By Dominic Casciani
BBC News community affairs
Action to prevent racist violence and crime is being underfunded and undervalued, according to a new report.
Recent graffiti in north London
Researchers claim that the government takes race crime seriously but not enough is done to prevent it happening. The Runnymede Trust, a think tank, spent two years studying how British society tries to prevent racism and prejudice.
It warns that debates over integration are ignoring serious and ingrained problems over hate crimes.
Researchers from Runnymede, a body that specialises in studying equality, looked at measures designed to prevent racist crimes taking place.
While public bodies were now working much more closely in targeting racist crimes after they had happened, largely due to the fall-out from the Stephen Lawrence murder, they were still failing to prevent them happening in the first place, the team found.
Those who were trying to work directly with perpetrators of racism, such as young people convicted of race-related offences, said they found it difficult to gain support for their work, even though it was arguably doing the most to directly challenge prejudices.
Sarah Isal, author of the report, said: "While the government has come to terms since the Lawrence Inquiry that there needs to be better support for victims and more work in bringing to justice perpetrators of racist crimes, there has not been enough of a commitment to prevention."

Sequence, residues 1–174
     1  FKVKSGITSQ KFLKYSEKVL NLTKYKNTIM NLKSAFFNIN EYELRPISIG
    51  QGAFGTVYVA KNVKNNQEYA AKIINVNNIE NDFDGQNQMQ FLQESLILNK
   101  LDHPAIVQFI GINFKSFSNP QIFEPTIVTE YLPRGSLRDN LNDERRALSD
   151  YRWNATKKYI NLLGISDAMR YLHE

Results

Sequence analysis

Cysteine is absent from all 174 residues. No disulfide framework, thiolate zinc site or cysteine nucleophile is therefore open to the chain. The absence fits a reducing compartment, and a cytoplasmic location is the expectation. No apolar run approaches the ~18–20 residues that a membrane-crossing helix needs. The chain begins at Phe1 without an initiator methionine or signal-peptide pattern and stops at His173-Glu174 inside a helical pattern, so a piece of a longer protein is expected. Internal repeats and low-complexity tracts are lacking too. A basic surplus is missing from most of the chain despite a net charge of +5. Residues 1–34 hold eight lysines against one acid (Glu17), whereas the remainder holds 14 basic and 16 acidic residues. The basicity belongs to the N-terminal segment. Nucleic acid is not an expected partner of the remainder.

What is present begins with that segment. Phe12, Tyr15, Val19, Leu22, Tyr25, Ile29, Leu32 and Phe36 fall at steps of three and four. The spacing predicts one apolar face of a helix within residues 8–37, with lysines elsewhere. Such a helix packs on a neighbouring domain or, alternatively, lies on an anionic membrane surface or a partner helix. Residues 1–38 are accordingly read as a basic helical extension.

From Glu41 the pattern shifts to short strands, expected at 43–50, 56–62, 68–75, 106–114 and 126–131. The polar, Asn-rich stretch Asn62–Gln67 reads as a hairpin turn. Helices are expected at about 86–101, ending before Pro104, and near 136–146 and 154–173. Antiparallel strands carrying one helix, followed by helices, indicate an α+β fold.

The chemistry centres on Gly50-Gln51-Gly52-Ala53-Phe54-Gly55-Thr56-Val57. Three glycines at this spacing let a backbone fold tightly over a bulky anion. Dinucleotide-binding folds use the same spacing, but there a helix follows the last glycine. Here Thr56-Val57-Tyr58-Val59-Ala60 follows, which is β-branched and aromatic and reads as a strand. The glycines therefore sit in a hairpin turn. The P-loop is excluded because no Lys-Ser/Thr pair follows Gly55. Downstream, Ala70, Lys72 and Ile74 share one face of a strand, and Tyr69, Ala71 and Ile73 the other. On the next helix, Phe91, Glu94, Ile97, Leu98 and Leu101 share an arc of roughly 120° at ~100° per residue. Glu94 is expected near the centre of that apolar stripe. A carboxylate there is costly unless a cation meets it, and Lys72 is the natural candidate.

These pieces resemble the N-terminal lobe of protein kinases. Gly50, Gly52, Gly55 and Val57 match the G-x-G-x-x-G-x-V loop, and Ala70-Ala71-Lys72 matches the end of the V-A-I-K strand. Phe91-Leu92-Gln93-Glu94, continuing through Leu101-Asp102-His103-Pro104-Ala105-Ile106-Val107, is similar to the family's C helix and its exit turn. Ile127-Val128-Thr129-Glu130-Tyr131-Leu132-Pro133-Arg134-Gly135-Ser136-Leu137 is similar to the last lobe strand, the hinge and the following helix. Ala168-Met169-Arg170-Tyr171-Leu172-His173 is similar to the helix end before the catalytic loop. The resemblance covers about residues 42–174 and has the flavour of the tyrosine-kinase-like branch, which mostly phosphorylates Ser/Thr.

"All of the good programmes that we have highlighted in our report are good projects, but they need more support and leadership from central government."
Ms Isal said that innovative schemes which had a track record in challenging the underlying prejudices behind racist crimes, particularly arts or theatre-based schemes linked to schools, needed more support.
These subtle but complex projects often did more to generate the debate needed among young people than they were given credit for, she argued.
She added that schemes that attempted direct mediation between victims and perpetrators of racist behaviour were also successful, but often not taken seriously enough.
Between 2003-04 there were 4,179 prosecutions for racially-aggravated crimes, of which a quarter were assaults or harassment charges. The Crown Prosecution Service recorded a 13% increase in such crimes over the previous year, although it is difficult to say whether this means an increase in the actual number of crimes, or an increase in the numbers of people reporting a crime.
Last week, Doreen Lawrence, speaking to the Observer newspaper, attacked the Home Office's recent work on racism, saying that people within black communities felt that ministers had lost interest in the work called for by the inquiry into her son's killing.
Prejudices: Work targeting racist attitudes undervalued, says report
The Observer reported that a key committee overseeing the recommendations of the Stephen Lawrence Inquiry had been disbanded.
The Home Office has declined to confirm this, saying only that it met last month, but its conversations were private.
Responding to the report, Home Office minister Paul Goggins said: "The government deplores all hate crime and considers these kinds of crimes not just an attack on the individual but on the whole of society.
"Our commitment to race equality is as strong as ever and there will be no let-up in our driving forward the improvements still needed.
"Over the next five years the police will improve the way they handle such incidents and promote the reporting of incidents.
"Government, together with the Stephen Lawrence Steering Group, will work to ensure that everyone in Britain has access to an effective racist incident helpline."